Iranian bloggers in action to save Iran's Heritage!

About 8 months ago Guardian journal published ” Dam is threat to Iranian Heritage”. In this article Iranian learned that “More than 100 of Iran's potentially most important but least examined archaeological sites, including fringes of Pasargadae, the city built by King Cyrus the Great, will be flooded in the next two years according to the UN, which appealed yesterday to international scientists to try to record what they can.

The flooding of the eight-mile Tang-e-Bolaghi gorge because of the construction of a dam will destroy ancient Persia's imperial road which ran from Persepolis to Pasargadae“.

Iranian Bloggers again before any Iranian site, journal or Iranian political group have started to moblize people in Iran & World. According to LogoMahi, who gave “Pasargadae Under Water”, as title to his writing, first we must inform everybody about what is going on then protest movements will become reality. Izadbanou, another blogger says nobody has right to deprive us from our history.Izadbanou has given a link to a petition against dam project .Already more than 4000 signed that.Another blogger,Man Iraniam(means I am Iranian) says our silence about this event equals the death of our civilisation.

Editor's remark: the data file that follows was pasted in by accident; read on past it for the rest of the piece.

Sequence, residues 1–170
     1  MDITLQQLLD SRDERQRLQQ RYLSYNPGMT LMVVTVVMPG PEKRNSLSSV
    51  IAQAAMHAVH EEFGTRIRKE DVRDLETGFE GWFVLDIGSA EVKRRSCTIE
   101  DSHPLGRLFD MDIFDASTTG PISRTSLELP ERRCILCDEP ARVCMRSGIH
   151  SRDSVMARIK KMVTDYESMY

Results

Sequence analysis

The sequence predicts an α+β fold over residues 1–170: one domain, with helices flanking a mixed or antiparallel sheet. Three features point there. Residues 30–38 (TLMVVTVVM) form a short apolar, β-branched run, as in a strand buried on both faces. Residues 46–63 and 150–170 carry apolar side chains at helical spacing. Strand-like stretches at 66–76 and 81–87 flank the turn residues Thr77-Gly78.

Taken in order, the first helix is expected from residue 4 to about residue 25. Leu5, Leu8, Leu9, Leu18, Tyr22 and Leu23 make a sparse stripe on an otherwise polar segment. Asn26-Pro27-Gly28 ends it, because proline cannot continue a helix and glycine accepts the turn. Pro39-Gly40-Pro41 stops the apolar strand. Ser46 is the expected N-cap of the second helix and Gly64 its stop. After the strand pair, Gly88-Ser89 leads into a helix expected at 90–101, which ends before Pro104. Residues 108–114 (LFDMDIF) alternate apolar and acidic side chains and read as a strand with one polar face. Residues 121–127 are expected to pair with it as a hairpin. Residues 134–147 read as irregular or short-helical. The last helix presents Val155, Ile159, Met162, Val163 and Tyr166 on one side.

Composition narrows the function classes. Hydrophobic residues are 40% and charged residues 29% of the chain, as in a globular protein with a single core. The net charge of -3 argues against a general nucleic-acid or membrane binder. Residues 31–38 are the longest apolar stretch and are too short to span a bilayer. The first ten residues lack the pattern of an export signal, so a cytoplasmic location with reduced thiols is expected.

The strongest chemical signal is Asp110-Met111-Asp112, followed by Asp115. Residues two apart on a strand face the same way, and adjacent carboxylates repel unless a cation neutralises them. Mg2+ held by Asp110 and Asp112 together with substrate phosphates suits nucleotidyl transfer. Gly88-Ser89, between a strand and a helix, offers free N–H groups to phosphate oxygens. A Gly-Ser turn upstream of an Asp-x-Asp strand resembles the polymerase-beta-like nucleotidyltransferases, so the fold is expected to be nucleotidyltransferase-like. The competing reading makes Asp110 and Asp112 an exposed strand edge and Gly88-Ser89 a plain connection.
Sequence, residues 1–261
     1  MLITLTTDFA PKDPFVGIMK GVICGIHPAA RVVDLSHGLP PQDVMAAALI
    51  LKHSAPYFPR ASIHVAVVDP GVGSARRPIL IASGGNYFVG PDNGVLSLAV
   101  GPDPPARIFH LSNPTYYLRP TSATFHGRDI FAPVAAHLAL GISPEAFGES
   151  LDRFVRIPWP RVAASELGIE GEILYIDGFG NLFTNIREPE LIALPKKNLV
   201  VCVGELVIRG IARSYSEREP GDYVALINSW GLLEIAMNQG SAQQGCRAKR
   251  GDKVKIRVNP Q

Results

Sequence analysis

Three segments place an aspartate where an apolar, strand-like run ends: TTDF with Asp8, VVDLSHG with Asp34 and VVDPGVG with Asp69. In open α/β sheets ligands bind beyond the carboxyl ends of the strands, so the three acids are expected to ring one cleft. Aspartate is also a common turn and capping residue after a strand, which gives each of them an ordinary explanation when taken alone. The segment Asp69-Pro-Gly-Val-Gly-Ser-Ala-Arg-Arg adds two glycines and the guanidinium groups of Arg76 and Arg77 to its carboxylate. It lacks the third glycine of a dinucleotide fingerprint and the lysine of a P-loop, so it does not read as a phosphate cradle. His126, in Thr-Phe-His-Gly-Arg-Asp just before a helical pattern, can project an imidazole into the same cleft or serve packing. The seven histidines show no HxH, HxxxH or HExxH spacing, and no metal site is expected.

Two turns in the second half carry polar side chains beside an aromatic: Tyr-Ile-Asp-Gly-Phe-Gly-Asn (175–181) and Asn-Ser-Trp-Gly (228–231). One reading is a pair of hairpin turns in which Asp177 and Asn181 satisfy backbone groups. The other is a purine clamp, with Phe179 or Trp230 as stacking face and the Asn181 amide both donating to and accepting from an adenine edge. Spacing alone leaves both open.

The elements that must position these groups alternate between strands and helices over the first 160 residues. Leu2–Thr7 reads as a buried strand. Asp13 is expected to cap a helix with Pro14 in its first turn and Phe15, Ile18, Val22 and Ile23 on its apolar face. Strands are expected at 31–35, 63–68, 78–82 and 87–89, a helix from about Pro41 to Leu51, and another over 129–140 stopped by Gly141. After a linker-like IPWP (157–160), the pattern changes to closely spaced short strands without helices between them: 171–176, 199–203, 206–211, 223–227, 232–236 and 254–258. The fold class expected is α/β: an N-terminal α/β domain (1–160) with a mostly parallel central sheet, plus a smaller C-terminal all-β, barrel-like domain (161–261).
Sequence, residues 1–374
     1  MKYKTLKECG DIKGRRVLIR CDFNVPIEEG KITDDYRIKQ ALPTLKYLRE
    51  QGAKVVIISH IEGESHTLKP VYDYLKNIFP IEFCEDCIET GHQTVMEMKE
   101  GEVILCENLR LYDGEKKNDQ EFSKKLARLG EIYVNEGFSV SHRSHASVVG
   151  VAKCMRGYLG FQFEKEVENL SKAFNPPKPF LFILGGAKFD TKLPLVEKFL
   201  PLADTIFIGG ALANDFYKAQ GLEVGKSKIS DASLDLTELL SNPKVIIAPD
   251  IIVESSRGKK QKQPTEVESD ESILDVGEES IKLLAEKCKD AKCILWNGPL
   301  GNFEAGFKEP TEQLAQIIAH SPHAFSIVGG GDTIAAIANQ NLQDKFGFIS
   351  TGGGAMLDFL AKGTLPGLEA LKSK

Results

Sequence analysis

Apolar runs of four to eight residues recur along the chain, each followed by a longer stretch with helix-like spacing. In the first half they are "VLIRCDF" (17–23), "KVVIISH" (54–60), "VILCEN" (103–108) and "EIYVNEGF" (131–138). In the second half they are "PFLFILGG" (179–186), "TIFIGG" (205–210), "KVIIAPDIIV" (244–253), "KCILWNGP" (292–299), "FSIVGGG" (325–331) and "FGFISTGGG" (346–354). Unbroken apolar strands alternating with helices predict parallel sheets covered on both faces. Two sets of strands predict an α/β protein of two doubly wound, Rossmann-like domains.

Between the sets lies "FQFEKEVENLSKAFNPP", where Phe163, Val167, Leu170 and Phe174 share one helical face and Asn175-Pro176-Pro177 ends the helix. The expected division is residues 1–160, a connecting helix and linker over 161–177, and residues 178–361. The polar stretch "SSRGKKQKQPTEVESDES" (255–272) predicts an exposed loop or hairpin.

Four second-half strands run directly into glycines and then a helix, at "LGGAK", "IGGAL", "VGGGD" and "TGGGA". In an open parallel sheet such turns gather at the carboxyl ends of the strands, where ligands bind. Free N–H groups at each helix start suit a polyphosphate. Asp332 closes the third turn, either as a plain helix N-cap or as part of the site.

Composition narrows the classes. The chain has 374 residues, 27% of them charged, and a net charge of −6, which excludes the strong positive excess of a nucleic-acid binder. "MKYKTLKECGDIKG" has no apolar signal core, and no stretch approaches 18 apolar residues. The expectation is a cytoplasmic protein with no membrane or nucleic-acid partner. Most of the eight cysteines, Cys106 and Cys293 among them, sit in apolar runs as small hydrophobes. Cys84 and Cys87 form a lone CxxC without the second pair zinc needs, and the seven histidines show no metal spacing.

Iranian government continues dam construction.


  • […] Shahram Kholdi says the Centre for the Defence of Human Rights, led by the Nobel Peace Prize Laureate Shirin Ebadi , has taken legal action against the ministries of Oil and Energy for the protection of Pasargadae historical heritage site (this is not the actual ruins of the Pasargadae palaces, which includes the ruins the tomb of Cyrus the Great, but a wide largely unexplored area whose artefacts and archeological heritage is yet to be unearthed). Read more on Global Voices. […]

  • […] Baily & Me, an blogger based in Denmark, urges Iranian and people around the world to get mobilized to save Pasargad Plains, an archaeological site, which will be gone under water because of a dam construction. Please Read More on Global Voices […]

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